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re-bluing price.

Discussion in 'Gunsmithing and Repairs' started by mljdeckard, Dec 16, 2007.

  1. mljdeckard

    mljdeckard Elder

    Jun 5, 2006
    In a part of Utah that resembles Tattooine.
    My dad has an old Ruger Mk I automatic, (At least that's what I think it is, it's the one without the slide stop,) which looks like um, well, it's been in a leather holster under the seat of the pickup for 40 years. It needs to be re-blued, I was wondering how much I should tell him to anticipate that would cost?

    I'm going to clean it for him first, I'm like the mother who is embarrassed because her child went to the hospital with soiled underwear.
  2. dfariswheel

    dfariswheel Mentor

    Dec 26, 2002
    I'd check with Ruger for the pricing on a factory re-blue job.
    They offer factory re-blues at $130.00.
    They'll probably be about the cheapest, and almost certainly the fastest.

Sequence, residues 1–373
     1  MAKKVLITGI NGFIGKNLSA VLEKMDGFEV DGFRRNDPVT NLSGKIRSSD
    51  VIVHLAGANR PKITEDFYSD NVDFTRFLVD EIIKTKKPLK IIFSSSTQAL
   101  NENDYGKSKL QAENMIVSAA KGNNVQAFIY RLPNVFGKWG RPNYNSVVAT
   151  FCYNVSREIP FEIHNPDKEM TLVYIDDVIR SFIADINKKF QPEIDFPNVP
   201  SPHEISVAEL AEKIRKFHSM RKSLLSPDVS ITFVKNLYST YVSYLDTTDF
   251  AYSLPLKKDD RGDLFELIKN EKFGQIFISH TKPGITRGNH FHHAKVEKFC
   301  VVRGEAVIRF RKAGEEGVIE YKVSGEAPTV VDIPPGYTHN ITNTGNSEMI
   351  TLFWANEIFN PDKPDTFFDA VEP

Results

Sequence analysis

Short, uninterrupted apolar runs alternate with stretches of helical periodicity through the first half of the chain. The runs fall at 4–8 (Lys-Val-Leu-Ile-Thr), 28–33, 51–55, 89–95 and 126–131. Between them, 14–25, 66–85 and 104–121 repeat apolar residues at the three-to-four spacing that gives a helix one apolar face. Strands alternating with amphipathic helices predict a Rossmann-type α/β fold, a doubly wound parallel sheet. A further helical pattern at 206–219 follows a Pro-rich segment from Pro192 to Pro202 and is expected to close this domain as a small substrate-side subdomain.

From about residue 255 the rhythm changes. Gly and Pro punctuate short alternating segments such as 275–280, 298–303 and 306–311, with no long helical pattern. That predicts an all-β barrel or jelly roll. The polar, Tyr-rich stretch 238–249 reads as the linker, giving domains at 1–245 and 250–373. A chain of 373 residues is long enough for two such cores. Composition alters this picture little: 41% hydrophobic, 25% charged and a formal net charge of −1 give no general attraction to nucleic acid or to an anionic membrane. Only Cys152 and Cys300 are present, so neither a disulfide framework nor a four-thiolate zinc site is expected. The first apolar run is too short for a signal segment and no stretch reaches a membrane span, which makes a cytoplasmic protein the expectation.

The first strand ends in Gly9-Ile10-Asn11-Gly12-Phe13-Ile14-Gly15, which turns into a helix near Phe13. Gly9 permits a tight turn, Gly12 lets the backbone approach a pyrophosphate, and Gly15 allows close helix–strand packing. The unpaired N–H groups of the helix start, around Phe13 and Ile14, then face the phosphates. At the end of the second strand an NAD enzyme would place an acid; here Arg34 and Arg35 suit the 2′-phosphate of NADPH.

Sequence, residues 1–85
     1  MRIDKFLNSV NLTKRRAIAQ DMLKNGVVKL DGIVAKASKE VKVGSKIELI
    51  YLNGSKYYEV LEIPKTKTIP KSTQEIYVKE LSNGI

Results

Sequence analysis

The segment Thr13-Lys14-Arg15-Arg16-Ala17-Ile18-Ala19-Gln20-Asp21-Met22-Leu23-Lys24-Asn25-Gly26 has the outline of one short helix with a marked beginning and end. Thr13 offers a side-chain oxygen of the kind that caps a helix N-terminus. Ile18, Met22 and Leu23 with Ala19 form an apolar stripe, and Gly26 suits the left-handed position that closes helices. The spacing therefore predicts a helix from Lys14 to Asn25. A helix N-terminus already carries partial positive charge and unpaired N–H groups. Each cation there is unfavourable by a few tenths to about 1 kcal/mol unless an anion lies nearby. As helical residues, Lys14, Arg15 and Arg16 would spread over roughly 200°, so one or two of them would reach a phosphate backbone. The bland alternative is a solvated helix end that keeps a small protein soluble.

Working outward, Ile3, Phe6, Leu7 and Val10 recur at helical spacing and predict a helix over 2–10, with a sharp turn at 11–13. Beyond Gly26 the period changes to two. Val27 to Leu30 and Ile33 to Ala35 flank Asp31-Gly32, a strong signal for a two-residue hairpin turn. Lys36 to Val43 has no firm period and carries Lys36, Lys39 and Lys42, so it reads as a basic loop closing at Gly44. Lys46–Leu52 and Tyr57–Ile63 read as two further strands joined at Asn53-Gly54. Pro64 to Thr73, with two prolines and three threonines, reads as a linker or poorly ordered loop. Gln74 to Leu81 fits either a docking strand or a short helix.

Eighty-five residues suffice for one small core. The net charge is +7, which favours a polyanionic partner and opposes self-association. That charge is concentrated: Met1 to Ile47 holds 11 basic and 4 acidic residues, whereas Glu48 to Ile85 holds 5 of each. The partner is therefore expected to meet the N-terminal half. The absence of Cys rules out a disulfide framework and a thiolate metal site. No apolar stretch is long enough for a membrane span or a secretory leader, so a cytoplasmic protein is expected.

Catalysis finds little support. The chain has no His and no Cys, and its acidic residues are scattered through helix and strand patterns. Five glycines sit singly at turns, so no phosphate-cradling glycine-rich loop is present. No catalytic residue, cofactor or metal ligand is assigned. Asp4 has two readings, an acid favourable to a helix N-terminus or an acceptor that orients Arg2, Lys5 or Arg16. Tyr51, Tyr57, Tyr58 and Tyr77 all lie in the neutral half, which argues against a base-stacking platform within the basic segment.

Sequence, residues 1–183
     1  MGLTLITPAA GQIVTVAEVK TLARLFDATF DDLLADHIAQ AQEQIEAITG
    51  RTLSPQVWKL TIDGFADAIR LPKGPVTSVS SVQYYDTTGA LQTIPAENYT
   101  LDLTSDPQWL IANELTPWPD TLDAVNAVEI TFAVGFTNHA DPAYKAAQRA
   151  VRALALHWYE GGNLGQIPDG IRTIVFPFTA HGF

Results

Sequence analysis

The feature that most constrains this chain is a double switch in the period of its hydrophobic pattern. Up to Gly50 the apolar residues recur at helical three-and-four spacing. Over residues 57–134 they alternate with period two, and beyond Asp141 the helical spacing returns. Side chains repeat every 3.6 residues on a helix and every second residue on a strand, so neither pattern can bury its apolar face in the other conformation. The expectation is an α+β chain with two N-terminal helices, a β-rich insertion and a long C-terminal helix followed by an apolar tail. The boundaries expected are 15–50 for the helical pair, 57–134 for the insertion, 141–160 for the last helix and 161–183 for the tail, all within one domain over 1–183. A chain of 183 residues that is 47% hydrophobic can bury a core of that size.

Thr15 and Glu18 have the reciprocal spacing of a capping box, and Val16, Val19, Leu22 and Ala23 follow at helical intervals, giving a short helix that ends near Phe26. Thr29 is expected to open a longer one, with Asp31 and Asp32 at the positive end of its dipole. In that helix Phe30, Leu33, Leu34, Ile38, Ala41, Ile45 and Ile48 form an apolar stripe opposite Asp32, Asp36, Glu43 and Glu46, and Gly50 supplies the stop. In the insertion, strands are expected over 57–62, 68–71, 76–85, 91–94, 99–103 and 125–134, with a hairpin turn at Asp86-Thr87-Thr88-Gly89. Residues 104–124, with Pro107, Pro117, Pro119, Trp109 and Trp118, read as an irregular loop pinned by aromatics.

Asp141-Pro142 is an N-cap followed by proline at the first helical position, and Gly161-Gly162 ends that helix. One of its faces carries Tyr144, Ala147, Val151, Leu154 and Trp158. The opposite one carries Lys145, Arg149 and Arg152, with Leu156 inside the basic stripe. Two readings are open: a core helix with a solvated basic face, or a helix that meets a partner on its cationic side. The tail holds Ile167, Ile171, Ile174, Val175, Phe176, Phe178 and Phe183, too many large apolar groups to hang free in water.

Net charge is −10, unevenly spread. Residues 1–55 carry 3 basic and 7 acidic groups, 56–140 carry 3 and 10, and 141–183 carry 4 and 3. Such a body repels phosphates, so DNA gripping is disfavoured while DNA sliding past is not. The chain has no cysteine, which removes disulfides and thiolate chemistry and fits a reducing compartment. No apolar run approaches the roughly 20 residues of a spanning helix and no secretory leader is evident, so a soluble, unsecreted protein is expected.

For non-factory bluing, figure the price will START around $150.00 for a good job.

    Be aware that there are plenty of "Hackers" around who will offer bluing at lower prices, but the gun comes back looking like someone used a bench grinder on it.

    In other words, either use it as-is, or pay the money to get it done right.
  3. Jim Watson

    Jim Watson Senior Elder

    Dec 24, 2002
    Don't forget the Fed-ups airmail ripoff. Ruger charges $30 return shipping and they get a quantity deal; you will surely have to pay more to send it in.
  4. 86thecat

    86thecat Member

    May 31, 2007
    Central WA
    Check out Mel Doyles, St Maries Idaho
  5. Bowwave

    Bowwave New Member

    Jun 28, 2007
    Norfolk (deployed Iraq)
    Parkerizing an option?

    This isn't answering your question but I'm taking a chance it may be relevant. I had a 25 year old MK II with similar issues. Rather than have it reblued, I parkerized it. Turned out great and was easy to do. Dissasembled and soaked the pieces in some rust (blue) removal, then did some stove top parkerizing that cost me eight bucks for the parkerizing solution, some steel wool (conditioner) and a decent stainless steel pot and thermometer.
    I went on to moly coat it with an airbrush, but the base was fine just as it was. All it would have needed was an oil finish. Touch ups would be easy also as the solution is reusable. Just degrease and treat again.
    Not an option if you were trying to restore it. I just wanted a functional beater that wasn't too ugly.

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